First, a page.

One of the small shrines in Fushimi Inari Taisha

Nearest train station: Inari Station of the JR Nara Line

Tōfuku-ji Temple

Located 10 minutes by foot from Fushimi Inari Taisha is Tōfuku-ji Temple. This Buddhist Zen temple is famous for its spring & autumn colors. This temple is also dubbed as one of the great five Zen temples of Kyoto.

One of the smaller halls in Tokufu-ji Temple (forgot the name, sorry!)

Nearest train station: Tōfukuji Station of the JR Nara Line | From Fushimi Inari Taisha, turn right & walk for about 10 minutes to reach Tōfuku-ji Temple.

Tip: Make sure to check out the garden near the Tsutenkyo Bridge. It’s at its best during autumn. (Entrance fee: ¥400)


After our brief stay in Kyoto, Rona & I took the 29-minute train ride to Osaka. Yes, it’s my 2nd time in Osaka. Since I’ve been to this city before, I decided to just walk around & relax a bit. I needed to take my time because the past few days were really tiring.

With Rona in Mikkabozu Kamoshi, a known local ramen joint in Osaka


Due to Majo’s last minute decision to join the 2015 Japan trip, my friends & I ran out of accommodation choices. We stayed in an Airbnb flat somewhere in Namba area. For this trip, I decided to book early & stay in what was supposed to be our 2015 Osaka accommodation – the Osaka Hana Hostel. Yes, it is also part of the Hana Hostel / J-Hoppers Hostel Group.

The hostel is located in the Chūō Ward, a few minutes walk from the Shinsabashi shopping street. The nearest subway exit is Exit 7 of Shinsaibashi Station. I spent 3 nights here & decided to stay in a 6-bed male dormitory room.

Slept in this bed for 3 nights in Osaka Hana Hostel

Just like any other Hana Hostel branch, each bed includes its own reading light, pillow & sheets, curtains, curtains (for privacy), universal plug & a storage box beside the bed. Toilets & bathrooms are shared by guests per floor. I paid ¥3,100 per night (¥9,300 for 3 nights) because it was peak season. It’s still affordable in an expensive city like Osaka.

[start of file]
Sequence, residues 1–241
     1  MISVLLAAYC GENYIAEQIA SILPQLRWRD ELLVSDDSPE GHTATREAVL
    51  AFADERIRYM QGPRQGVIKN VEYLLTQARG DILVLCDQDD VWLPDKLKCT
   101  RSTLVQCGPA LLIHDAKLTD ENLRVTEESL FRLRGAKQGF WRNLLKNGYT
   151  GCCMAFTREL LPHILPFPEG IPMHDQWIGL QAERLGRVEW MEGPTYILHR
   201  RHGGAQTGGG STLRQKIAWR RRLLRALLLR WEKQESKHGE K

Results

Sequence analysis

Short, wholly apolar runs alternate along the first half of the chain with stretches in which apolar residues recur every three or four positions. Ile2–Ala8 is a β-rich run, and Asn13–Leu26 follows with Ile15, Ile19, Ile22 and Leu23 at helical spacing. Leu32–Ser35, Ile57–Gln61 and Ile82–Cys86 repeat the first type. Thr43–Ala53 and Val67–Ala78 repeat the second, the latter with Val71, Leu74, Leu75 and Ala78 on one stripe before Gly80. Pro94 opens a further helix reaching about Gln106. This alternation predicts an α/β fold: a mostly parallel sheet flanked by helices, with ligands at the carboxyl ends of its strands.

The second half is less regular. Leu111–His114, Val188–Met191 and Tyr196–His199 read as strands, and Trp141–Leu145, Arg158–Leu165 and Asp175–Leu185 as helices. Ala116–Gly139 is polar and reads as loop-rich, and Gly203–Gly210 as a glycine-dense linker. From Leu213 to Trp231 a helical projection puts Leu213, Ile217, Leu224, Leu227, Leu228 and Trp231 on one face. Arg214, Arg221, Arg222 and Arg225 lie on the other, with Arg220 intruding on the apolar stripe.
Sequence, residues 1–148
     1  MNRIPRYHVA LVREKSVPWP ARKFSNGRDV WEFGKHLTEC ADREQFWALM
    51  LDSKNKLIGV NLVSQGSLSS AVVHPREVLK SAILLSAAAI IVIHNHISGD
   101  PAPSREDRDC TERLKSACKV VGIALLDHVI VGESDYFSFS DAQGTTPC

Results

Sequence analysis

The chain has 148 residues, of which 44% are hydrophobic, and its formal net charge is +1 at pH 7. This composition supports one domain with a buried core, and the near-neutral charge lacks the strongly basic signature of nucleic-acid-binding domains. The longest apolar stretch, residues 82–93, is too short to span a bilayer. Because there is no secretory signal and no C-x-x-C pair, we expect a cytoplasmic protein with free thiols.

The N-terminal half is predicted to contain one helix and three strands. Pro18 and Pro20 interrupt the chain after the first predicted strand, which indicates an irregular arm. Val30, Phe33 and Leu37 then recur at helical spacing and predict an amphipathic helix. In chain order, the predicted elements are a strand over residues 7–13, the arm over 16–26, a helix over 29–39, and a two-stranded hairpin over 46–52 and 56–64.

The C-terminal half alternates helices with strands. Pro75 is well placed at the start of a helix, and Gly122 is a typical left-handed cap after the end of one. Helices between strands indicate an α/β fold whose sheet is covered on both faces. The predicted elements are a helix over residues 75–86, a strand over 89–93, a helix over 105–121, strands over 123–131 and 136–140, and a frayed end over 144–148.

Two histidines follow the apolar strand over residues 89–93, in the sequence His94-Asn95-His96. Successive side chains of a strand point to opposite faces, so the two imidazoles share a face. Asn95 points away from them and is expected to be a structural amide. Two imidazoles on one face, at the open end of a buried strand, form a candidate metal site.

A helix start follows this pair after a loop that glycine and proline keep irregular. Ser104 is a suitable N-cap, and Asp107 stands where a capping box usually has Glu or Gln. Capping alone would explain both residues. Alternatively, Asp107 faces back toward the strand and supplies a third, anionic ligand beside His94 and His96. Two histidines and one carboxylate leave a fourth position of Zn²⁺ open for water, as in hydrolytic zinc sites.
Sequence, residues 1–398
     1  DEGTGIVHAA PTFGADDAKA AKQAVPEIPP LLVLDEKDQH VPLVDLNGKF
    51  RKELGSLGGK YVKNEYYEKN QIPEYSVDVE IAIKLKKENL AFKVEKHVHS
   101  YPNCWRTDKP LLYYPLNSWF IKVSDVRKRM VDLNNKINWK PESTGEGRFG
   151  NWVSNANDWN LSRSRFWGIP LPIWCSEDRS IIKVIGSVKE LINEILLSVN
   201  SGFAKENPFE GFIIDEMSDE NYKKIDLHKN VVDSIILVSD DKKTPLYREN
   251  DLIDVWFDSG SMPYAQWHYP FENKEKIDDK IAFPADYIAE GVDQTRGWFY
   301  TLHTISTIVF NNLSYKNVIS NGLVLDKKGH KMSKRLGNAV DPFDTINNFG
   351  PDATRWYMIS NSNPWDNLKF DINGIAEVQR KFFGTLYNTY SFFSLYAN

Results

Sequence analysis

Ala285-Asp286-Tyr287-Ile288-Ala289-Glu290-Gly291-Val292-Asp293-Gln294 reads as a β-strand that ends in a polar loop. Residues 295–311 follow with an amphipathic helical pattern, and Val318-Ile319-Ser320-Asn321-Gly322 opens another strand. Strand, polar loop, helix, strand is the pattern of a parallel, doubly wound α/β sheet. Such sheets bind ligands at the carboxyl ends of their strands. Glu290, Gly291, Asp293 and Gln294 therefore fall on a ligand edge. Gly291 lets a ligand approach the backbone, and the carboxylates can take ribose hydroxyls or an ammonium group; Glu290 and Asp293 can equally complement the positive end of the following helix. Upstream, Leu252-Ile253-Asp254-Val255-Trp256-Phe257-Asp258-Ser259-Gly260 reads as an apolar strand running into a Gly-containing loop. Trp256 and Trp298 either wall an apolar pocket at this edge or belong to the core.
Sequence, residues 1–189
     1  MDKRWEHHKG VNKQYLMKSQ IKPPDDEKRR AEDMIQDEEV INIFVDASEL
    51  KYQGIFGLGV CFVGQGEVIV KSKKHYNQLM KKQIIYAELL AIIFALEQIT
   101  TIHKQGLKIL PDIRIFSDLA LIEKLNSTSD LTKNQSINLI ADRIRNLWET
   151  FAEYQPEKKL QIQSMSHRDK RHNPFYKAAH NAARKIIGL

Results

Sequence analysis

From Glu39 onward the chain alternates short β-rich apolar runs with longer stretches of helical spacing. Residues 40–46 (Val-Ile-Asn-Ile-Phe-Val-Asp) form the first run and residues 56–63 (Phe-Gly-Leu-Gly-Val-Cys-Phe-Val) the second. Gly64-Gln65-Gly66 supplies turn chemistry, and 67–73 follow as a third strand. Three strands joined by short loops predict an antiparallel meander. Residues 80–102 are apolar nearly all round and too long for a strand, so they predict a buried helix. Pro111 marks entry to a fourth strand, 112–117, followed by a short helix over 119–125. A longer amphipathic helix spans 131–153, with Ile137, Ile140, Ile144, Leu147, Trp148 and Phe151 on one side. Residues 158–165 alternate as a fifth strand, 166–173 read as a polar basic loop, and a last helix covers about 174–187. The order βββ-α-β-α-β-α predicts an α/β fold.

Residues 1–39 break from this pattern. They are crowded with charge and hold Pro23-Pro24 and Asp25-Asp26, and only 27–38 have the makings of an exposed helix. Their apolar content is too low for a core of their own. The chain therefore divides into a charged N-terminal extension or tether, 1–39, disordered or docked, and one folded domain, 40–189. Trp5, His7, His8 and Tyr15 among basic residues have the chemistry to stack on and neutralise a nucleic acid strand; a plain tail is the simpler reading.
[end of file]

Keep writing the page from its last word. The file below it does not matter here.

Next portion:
The hostel people were one of the nicest people I met on my trip (shout out to Kazzy!). They helped us in all of our questions; they even recommended good places to visit & eat. The hostel has a spacious kitchen, lounge & dining facilities on the 2nd floor & 5th floor – a good place to meet & hang out with other guests.

Osaka Hana Hostel’s 2nd floor communal dining, kitchen & lounge area

Osaka Hana Hostel is definitely a good accommodation choice in Osaka. It has the most affordable rates per bed or room, the most convenient location, the nicest staff & the best facilities you can have in a hostel.

Tip: The hostel staff will give you a coupon for the sake bar in the first floor. Make sure to try the different flavors of sake + alcoholic drinks. Good stuff.

Places to Visit / Things to Do

Since I’ve been to Osaka the past year, I sort-of took advantage of my 4 days there. Aside from taking day trips to Nara & Kobe, I just stayed in the Chūō area.


Always a busy night in Dōtonbori

Dōtonbori is one of the busiest tourist destinations in Osaka. It is the home of the famous Glico Man signage & the Dōtonbori canal. It is also the home of famous takoyaki shops, ramen places (like Ichiran!) & Don Quixote.

Dōtonbori canal at night.

Shinsaibashi-Suji Shopping Street

Shinsaibashi is Osaka’s largest shopping district. Home to different specialty stores & brands, tourists flock this area almost every day. The perfect time to walk around the shopping street is during lunch time where there are less people. Make sure to go to check out the big GQ store in the middle of the shopping arcade.

Hozenji Yokocho Alley

Located behind the Hozenji Yokocho Temple is an alley of local bars, izakaya & restaurants. I walked along the alley to just see what’s in there. Looks like the bars, izakaya & restaurants offer authentic Japanese meal experience. I would love to go back & try some restaurants there. The alleys gets a bit busy during night time, so make sure to go there around 6:00 in the evening.

Tip: All these places are located a few minutes walk from Midōsuji Line’s Shinsaibashi Station Exits 5 & 6.

Umeda Sky Building Floating Garden

View of Osaka from the 39th floor of the Floating Garden Observatory